Suddenly, a loud, groaning noise comes out of the dark. It does not sound like anything I know — too monotone to be a storm. It moves slowly from left to right but does not sound like any car or truck I have heard. I have no idea what the sound is, and that scares me. But there is really nothing I can do except secure my tent for stormy weather and wait. Perhaps it is a sandstorm? The noise fizzles out slowly, and I have nothing to do but go to bed at 8 p.m.

I sleep like a corpse. Memories of the last dream or two continue to buzz around in my head when I open the fly of my tent. It is still as dark as a cellar outside, with no trace of the moon anymore. It takes my eyes a while to adjust, but then I see it — an impossibly starry night. Something I have seen before, but it is so rare that I pause to enjoy it for a while. The night is cold, but not as much as I was led to believe by all the legends I have been told. I still see the campfire burn in the distance, even though it is four in the morning. The campfire comes from the direction of the caravanserai, so I decide to call it quits, pack up, and head over there. I need to find my next ride. While I am marching, the sky slowly reveals purple, red, orange, and yellow slivers. I feel this dome is gradually revolving around me, as this terrain is too flat to suggest any motion. I do not even feel I am moving — the only clue is the sight of the caravanserai slowly coming into view. Yesterday's mystery was also solved when I noticed the loud noise again and saw it was associated with blinking green and red lights in the sky. They are departing air flights, which are still low as we are just two hundred kilometers from Tehran. They are loud due to the lack of buildings to dampen the sound and the ubiquitous sand, which causes echoes.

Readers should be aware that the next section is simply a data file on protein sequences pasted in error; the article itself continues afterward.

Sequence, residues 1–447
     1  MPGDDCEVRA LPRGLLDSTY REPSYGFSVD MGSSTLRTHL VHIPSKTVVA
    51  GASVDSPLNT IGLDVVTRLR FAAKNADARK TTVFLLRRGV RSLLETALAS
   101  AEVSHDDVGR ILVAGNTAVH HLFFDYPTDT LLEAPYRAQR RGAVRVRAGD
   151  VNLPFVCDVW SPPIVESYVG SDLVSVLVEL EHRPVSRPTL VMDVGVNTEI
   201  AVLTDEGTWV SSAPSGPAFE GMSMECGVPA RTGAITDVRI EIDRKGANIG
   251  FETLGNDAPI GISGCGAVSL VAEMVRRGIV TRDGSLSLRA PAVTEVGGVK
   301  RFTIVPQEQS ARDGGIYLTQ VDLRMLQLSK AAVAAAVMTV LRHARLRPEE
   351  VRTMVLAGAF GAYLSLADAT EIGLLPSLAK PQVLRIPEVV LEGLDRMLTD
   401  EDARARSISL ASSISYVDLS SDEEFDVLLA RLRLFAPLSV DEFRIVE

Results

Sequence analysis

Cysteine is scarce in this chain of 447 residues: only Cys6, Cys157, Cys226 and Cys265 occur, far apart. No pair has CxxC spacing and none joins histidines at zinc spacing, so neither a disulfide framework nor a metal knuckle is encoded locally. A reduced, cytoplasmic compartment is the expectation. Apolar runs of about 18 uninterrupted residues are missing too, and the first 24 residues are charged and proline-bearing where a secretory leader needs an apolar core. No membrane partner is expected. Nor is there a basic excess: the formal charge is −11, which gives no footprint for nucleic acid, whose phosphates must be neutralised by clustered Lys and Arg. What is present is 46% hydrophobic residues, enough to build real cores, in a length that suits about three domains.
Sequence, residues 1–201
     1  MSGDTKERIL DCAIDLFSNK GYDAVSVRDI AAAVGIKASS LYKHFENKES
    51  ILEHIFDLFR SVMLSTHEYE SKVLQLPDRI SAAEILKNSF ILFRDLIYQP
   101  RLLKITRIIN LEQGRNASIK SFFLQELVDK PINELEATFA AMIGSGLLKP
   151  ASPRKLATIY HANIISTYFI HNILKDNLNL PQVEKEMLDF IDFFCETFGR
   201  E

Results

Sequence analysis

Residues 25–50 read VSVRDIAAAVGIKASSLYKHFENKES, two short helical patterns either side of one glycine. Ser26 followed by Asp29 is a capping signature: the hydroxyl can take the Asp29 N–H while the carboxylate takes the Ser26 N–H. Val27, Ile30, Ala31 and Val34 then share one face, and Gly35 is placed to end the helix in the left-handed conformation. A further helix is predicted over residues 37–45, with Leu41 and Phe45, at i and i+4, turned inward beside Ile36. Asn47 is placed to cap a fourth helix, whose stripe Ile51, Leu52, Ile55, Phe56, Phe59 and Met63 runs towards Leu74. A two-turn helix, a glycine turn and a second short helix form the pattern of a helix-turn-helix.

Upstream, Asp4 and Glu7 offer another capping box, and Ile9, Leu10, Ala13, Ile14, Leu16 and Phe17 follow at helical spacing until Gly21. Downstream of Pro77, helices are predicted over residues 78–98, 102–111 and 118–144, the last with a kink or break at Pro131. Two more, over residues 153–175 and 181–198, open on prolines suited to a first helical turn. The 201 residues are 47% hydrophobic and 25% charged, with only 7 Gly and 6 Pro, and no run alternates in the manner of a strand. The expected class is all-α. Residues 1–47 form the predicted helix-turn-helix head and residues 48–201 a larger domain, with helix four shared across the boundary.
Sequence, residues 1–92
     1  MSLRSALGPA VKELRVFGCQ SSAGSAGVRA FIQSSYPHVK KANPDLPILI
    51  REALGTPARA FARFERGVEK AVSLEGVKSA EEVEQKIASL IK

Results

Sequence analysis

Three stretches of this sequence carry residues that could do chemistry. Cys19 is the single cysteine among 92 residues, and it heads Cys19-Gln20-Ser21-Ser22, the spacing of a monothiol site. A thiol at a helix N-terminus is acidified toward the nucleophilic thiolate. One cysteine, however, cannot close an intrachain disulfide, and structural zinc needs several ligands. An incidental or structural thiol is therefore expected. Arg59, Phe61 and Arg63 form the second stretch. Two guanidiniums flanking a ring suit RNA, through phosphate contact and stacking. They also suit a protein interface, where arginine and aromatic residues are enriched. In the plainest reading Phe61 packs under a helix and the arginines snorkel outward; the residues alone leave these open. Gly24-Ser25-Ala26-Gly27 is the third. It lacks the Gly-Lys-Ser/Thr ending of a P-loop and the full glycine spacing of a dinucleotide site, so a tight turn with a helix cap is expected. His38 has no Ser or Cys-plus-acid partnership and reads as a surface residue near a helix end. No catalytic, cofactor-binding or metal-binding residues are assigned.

I arrive and am not surprised when I am invited to have tea with a group of students around their campfire. There are five of them, and I am amazed they are all men. The desert is a favorite among young people who want to mingle freely, just as it is a favorite for everyone who wants to indulge in wildly illegal behavior. Parties, dancing, and even a woman without a scarf can be found in the open in Iran if you know where to look. The mountaineering clubs are usually filled with liberals, the hikes are filled with political debate, and cell phones are blaring music. But, this time, I meet people who are bona fide tourists.